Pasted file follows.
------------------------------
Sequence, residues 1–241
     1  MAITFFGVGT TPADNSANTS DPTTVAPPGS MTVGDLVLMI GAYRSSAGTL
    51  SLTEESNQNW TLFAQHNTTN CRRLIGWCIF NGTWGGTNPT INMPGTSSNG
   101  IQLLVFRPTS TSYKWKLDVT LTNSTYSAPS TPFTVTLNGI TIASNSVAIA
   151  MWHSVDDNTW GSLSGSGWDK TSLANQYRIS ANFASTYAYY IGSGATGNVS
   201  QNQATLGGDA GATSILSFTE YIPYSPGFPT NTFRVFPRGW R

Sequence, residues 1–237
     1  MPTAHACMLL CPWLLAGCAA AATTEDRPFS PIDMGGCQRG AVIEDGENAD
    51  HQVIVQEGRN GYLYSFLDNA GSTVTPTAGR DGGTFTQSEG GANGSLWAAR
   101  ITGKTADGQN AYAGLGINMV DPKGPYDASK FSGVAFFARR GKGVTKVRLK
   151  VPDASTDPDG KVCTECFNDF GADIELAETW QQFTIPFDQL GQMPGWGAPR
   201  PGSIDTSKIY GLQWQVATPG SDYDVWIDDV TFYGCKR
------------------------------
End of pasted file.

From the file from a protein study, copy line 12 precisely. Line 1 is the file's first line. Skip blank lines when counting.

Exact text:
   201  PGSIDTSKIY GLQWQVATPG SDYDVWIDDV TFYGCKR